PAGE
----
Other civil enforcement action

In late 2015 and early 2016, the CMA commenced a number of further investigations in the online sales of discretionary consumer products,8 furniture,9 leisure,10 supply of precast concrete drainage products11 and pharmaceutical sectors.12 Aside from the investigation into the precast concrete drainage products case, which is the parallel civil case to the ongoing criminal prosecution, there is no public information as to the nature of the conduct being investigated in these other recently opened cases.

Future civil enforcement

The CMA has already responded to the NAO’s criticism as to lack of case flow by recently opening a number of new investigations. We can expect to see this trend to continue perhaps involving lower-profile and local-targeted cases as the CMA is also committed to promoting deterrence, particularly among small and medium-sized enterprises (as evidenced by its use of warning letters following CESP). We can also see a trend in an increased pace in investigations (some of the recently opened investigations may be resolved within 2016 or early 2017).

Criminal enforcement under EA section 188

Following the conclusion of Galvanised Steel Tanks,13 the CMA currently has only one open criminal investigation. That investigation concerns an alleged cartel in the supply in the UK of precast concrete drainage products (there is also an ongoing parallel civil case). This case is subject to the law as it applied to conduct before April 2014, under which the cartel offence was only committed where the individuals concerned acted dishonestly. Following a change in the law, for conduct after 1 April 2014, it is no longer necessary for the CMA to prove that individuals acted dishonestly to commit the cartel offence – this has effectively created a strict liability offence which is expected to make successful prosecutions easier.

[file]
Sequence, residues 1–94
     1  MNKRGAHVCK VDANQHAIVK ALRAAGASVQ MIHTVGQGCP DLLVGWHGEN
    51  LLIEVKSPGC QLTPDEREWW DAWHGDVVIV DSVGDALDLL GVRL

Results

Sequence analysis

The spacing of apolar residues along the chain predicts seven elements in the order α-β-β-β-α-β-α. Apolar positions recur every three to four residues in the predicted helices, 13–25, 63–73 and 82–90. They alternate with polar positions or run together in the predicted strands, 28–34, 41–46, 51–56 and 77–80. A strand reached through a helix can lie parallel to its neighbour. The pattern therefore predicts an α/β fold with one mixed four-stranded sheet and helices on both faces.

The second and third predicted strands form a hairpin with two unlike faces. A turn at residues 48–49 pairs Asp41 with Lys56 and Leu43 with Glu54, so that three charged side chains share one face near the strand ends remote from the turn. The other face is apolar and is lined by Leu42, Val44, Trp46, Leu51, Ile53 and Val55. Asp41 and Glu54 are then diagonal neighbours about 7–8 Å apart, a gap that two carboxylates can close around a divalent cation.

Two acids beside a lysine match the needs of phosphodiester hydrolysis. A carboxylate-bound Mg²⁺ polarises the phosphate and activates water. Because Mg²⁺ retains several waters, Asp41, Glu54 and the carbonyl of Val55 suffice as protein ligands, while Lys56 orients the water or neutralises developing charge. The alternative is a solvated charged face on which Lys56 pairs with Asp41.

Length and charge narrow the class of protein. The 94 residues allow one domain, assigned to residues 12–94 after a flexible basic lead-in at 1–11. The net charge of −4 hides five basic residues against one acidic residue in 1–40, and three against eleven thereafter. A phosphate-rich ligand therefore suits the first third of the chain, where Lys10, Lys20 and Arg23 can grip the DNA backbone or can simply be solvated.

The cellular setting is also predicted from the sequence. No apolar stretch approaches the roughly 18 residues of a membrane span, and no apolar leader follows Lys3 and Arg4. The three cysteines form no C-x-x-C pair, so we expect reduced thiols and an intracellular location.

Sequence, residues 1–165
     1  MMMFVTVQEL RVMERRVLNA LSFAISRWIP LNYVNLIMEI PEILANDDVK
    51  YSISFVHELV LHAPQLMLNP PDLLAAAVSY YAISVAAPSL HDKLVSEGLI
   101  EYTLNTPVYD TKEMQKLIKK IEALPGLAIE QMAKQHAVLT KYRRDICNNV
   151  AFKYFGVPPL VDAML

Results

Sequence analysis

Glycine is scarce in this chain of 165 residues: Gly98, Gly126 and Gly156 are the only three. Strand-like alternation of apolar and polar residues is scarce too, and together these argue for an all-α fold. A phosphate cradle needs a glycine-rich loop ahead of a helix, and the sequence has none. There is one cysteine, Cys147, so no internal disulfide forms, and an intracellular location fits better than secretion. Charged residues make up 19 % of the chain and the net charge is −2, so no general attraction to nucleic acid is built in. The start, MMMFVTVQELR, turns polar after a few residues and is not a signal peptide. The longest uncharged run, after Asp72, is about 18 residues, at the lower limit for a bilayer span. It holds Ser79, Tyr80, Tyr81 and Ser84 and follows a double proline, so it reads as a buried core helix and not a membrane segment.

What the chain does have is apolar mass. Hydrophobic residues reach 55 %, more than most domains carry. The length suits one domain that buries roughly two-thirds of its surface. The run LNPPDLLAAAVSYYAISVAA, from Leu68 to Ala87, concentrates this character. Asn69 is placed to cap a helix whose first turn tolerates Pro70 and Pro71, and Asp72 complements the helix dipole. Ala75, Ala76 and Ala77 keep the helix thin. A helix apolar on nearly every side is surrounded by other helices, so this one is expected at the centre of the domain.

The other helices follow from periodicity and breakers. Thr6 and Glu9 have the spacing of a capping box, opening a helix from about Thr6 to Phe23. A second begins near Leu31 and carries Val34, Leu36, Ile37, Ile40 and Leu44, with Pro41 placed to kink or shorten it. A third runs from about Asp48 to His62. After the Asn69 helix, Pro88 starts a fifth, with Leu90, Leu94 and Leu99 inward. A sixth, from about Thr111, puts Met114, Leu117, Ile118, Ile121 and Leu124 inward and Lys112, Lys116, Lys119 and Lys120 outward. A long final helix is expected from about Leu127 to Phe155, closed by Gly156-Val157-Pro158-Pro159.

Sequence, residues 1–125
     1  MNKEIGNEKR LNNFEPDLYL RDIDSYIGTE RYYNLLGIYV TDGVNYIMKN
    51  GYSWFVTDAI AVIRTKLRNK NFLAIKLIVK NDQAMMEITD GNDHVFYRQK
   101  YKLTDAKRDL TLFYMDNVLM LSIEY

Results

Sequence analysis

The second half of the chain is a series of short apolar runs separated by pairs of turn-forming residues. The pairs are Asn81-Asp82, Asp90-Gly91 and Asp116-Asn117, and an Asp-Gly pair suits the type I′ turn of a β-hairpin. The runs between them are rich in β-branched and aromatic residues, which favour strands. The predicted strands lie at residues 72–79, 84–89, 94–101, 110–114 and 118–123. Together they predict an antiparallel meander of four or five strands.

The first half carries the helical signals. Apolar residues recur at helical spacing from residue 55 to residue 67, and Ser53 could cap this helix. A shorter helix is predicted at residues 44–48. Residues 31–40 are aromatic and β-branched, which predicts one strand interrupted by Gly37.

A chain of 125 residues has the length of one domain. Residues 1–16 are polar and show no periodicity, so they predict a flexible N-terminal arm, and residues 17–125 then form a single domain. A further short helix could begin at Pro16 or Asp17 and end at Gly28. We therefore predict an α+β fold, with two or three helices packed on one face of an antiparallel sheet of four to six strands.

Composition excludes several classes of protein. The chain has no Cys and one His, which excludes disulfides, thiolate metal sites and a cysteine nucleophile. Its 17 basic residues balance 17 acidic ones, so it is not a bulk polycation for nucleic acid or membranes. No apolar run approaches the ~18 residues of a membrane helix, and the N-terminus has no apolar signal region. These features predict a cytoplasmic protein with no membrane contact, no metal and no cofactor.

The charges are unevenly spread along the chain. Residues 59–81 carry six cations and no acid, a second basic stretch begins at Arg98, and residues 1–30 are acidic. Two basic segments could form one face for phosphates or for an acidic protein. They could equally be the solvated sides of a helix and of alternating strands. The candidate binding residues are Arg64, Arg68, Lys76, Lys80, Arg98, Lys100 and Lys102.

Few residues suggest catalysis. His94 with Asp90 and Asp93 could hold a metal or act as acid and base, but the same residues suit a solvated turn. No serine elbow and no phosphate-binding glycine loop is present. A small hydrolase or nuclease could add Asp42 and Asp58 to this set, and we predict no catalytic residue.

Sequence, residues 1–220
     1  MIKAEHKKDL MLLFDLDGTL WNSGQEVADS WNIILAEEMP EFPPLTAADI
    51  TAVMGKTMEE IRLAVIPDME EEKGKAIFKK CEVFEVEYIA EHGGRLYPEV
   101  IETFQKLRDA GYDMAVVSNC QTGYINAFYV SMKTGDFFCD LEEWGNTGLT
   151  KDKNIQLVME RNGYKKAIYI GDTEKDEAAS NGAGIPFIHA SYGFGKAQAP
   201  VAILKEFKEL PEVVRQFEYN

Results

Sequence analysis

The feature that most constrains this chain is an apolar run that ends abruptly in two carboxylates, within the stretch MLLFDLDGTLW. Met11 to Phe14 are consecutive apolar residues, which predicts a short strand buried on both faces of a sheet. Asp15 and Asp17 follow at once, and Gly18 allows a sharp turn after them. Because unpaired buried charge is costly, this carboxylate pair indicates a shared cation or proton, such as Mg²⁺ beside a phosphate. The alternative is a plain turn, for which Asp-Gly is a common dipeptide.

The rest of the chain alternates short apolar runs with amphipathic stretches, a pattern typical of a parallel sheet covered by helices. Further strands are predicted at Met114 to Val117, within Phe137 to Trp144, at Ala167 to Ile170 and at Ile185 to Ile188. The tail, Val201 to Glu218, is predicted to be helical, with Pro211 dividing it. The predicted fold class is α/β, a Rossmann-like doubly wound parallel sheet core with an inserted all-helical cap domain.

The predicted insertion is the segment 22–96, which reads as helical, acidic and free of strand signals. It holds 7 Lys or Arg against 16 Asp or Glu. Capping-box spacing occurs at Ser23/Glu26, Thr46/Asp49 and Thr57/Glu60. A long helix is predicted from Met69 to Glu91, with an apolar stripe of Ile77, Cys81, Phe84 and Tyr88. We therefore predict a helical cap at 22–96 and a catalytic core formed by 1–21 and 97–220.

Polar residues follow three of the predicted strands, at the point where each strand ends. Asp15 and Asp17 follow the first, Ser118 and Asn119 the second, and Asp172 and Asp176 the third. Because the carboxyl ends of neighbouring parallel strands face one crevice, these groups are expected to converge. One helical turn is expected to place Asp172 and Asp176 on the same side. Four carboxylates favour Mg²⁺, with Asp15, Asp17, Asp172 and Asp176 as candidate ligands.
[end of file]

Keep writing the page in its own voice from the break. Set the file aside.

Galvanised Steel Tanks

This case concerns cartel conduct in respect of the supply in the UK of galvanised steel tanks for water storage and was initiated by the CMA’s predecessor, the Office of Fair Trading (OFT) in 2012. This was the first contested criminal cartel case since R v Burns, which concerned an alleged cartel in fuel surcharges for passenger flights in May 2010. The prosecution in that case of several current and former BA executives collapsed due to procedural failings by the OFT.14 As such it was an important test of the CMA’s ability to learn from and build on the experience of the OFT in bringing contested criminal cartel prosecutions.15

In the event, the CMA had mixed results: three individuals were charged with the criminal cartel offence of whom one pleaded guilty (Nigel Snee) and was sentenced in September 2015 to six months’ imprisonment, suspended for 12 months, and ordered to do 120 hours’ community service within 12 months, while the other two were acquitted by the jury in June 2015. In sentencing Snee, the judge noted that ‘the economic damage done by cartels is such that those involved must expect prison sentences’ and indicated that his starting point in this case was that a prison sentence of two years was appropriate but reduced and suspended Snee’s sentence on account of his early guilty plea, his personal mitigation and the extent of his voluntary cooperation as a witness.16